Correct me if I am w2rong but the real heart of the problem with EV is all about the batteries and the controls. The rest of the car is pretty much the same so the Energy storage aspects are the real issue.
Electric motors will get some refinements notably in terms of the electric wheel and traction and braking controls built in to the system. some other issues with weight and materials come into play as well but for the most part these are the same regardless of the power plant for the car. But the real issues are related to the battery and the control systems.
And what we see being discussed is a technology and manufacturing issue, cost. What will it take to bring down the cost, no matter what it really is now it is too high. Large scale manufacturing and solid demand will reduce costs. Improved battery chemistry and manufacturing of the cells will bring down costs. The control systems once they are commoditized and in good demand will bring down costs.
As demand ramps up for the energy storage and control systems we can expect this to drive down costs. So expanding the applications for these kinds of distributed power storage units will improve demand.
Taking advantage of "time of use" rates for electricity in commercial buildings and residential applications might help drive demand. Right now, the ROI is insufficient to justify the investment. Imagine if it became very very attractive to invest in a battery storage system for your home and this could be carried over to the EV space.
I see increasing demand as one of the best ways to drive down costs. Am I wrong?
TJ: When we last checked, replacement battery costs for the Volt and Leaf were still unavailable. The old Prius battery, which used a nickel-metal hydride chemistry and was rated around 1.5 kWh, cost about $2,500. It's worth mentioning, however, that in 2008, Bob Lutz of GM suggested that the Volt's initial price factors in the cost of battery replacement, which again makes it difficult to figure out what these packs actually cost.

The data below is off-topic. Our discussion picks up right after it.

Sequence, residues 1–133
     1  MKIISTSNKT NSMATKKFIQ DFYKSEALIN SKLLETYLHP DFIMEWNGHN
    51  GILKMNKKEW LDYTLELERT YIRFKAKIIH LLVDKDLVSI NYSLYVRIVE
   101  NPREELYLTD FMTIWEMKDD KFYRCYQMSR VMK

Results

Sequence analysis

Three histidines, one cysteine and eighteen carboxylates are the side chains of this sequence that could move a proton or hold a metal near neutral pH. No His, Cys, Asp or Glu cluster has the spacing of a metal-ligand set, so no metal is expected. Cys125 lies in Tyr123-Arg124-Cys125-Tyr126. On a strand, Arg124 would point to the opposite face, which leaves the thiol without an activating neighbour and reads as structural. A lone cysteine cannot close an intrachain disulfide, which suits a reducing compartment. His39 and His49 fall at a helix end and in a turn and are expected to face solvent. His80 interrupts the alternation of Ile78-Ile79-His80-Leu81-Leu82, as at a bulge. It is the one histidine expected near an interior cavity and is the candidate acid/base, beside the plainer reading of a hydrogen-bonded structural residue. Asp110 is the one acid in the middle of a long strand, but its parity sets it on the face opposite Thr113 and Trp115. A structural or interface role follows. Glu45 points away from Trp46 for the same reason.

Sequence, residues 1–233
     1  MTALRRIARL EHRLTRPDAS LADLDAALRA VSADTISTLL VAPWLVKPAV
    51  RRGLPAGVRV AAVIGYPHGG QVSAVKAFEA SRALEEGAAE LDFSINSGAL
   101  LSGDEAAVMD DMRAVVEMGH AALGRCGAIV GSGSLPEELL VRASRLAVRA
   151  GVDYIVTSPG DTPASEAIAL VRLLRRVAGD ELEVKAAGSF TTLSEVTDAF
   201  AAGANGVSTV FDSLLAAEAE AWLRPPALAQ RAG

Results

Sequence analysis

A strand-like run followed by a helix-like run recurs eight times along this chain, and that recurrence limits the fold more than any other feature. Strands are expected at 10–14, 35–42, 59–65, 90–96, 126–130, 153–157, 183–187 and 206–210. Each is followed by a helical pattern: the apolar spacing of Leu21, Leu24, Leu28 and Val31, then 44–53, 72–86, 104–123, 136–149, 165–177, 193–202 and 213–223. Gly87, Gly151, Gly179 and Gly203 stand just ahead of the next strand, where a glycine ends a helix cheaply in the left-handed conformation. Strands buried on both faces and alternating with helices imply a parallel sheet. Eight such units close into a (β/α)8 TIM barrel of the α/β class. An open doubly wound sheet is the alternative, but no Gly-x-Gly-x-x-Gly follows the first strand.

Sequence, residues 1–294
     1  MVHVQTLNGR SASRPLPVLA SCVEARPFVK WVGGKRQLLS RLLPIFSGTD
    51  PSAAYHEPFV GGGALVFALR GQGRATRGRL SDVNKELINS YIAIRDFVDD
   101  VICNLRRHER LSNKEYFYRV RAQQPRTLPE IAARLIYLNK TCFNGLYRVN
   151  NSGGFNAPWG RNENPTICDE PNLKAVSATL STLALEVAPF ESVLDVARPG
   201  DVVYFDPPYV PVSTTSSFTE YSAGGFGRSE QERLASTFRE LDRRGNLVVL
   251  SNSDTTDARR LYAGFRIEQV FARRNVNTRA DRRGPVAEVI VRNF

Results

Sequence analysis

From what you've said, replacing the power storage system in a car would mean replacing the pack, not the cells. It comes out as a unit, goes in as a unit. So is there pricing from third-party suppliers of the battery packs yet to prove the $1000 range?
The bottom line is that I believe the experts who say EV batteries are running $800 - $1,000/kWh. Batteries are more than cells and the costs mount up. Sure, no one can say EXACTLY what they cost is. But the 20 or so experts that I depend on have been around the business a long time. They put their names and their companies' names on their estimates. They're not sitting in front of their computers late at night and typing anonymous thoughts under the guise of pseudonyms. And they're not part of a conspiracy that's trying to undermine the electric car market. When Toyota says that the battery costs $500 per additional mile, you can believe it must be expensive.
Chuck, just following the numbers is enough to make one's head spin. So what's the bottom line here in terms of the argument? A feeling that automakers are using higher numbers to justify higher prices on EVs, while the other side argues that the battery costs aren't that high, thus shouldn't justify higher vehicle costs?
Last year at Hannover Fair, lots of people were talking about Industry 4.0. This is a concept that seems to have a different name in every region. I’ve been referring to it as the Industrial Internet of Things (IIoT), not to be confused with the plain old Internet of Things (IoT). Others refer to it as the Connected Industry, the smart factory concept, M2M, data extraction, and so on.
Some of the biggest self-assembled building blocks and structures made from engineered DNA have been developed by researchers at Harvard's Wyss Institute. The largest, a hexagonal prism, is one-tenth the size of an average bacterium.
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